They can trip over items, go to the kitchen and touch dangerous things like knives or turn on the cooker so that’s why it’s important to put a barrier at their door to avoid this. 

To give you peace of mind, you can install video monitors to see when they are awake so you can get them or remove the barriers.

Have an open toy box

Children love playing with toys and they’ll go to great lengths to access them. That is why it’s not advisable to keep toys locked away because your baby can hurt their fingers as they struggle to open the heavy lid or climb inside the box and get stuck.

Getting a large open basket or toy box is what should be on your babyproofing checklist. 

Make the crib safe

According to research, beds are responsible for most of the injuries that children aged 12 and below experience. This is because they can easily roll or slide off them and fall in the process. Therefore, it’s important to ensure the crib is safe enough for the baby.

You can do this by:

  • Keeping the crib away from the window. If your window curtains or blinds have cords, the baby can reach them from his or her crib and wrap them around their neck while playing.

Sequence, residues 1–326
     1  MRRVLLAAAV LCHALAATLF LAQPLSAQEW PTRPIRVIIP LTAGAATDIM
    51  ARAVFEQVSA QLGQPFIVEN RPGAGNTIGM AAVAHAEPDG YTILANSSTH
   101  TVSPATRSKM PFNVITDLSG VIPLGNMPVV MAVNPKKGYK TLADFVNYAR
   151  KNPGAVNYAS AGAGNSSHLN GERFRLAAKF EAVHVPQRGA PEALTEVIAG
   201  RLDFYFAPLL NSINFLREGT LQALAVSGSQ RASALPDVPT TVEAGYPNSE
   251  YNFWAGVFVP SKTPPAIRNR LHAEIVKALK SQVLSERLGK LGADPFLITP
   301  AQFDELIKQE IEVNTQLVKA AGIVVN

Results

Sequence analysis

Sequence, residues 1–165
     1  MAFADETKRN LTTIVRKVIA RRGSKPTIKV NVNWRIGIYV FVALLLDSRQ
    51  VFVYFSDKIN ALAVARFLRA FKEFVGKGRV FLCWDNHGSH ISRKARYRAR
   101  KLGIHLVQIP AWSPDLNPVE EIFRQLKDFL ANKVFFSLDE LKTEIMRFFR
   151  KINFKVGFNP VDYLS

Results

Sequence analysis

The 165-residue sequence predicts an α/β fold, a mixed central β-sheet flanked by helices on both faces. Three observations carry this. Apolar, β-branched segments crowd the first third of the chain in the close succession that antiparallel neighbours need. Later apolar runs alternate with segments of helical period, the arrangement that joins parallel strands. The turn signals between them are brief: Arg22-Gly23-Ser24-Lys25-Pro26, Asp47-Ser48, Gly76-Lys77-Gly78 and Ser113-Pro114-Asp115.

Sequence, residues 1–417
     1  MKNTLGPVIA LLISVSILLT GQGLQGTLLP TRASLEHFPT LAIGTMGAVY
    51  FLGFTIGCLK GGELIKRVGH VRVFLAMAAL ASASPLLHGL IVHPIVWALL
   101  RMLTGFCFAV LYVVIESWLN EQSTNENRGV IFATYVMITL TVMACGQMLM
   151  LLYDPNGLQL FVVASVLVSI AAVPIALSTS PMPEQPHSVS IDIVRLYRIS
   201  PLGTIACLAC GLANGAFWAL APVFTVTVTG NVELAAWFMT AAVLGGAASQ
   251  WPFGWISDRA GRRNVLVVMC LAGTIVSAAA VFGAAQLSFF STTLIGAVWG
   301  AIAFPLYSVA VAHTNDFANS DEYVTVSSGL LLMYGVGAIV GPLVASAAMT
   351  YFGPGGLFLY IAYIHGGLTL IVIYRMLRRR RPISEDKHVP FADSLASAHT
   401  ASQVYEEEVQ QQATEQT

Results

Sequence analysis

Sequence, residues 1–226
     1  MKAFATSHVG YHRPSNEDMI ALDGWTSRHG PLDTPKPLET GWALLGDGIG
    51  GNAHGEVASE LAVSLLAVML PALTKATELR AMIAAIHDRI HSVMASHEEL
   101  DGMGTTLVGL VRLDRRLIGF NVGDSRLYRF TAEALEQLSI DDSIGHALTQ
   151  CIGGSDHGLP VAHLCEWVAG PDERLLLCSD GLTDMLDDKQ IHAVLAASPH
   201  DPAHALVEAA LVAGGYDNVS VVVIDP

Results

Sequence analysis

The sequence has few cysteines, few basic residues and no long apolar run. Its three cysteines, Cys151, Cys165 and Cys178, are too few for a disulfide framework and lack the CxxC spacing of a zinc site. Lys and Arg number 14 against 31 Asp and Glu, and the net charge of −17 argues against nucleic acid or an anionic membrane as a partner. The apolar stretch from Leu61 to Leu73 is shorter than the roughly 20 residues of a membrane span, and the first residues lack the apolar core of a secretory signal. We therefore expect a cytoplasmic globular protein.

• Lower the crib base/mattress. This will prevent the baby from falling down as they climb out of the crib since it will be close to the ground. You can also add a thick carpet on the floor to ensure that even if they fall, they won’t feel the impact.
  • Don’t hang things over the crib: Although hanging items like nursery mobiles can entertain the baby and soothe them to sleep, they can also be dangerous if they fall and land on the child. If you decide to still use them, make sure they are securely fastened. Also, avoid hanging heavy stuff like paintings, mirrors, picture frames, or art directly over the crib for the same reason. If screws come off or the nails weaken, it can be fatal. 

Secure the furniture

In the spirit of exploring, your baby can grab the dresser or changing table and attempt to pull them. Depending on their strength and age, the furniture can tip over and fall on them which is something we don’t want. 

So what should be on your babyproofing checklist? Securely mount your baby’s changing table or dresser to the wall. 

If you’re interested in small nursery room ideas, check out this article

Cover your nursery garbage

Kids will crawl and touch anything within their reach, including the waste bin in the nursery. You can’t imagine your baby eating the poop from their used diaper. That’s why you should keep it covered.

Another tip you can use is to correctly wrap the diaper before disposing it or even double wrapping it and also frequently emptying the trash bin. 

Baby proofing the kitchen

Baby proofing the kitchen

Hot water, a cooker, an electric kettle, a mixer grinder, and various appliances are found in the kitchen, which makes it a dangerous place for children. Therefore, we must include the kitchen when discussing baby-proofing an apartment.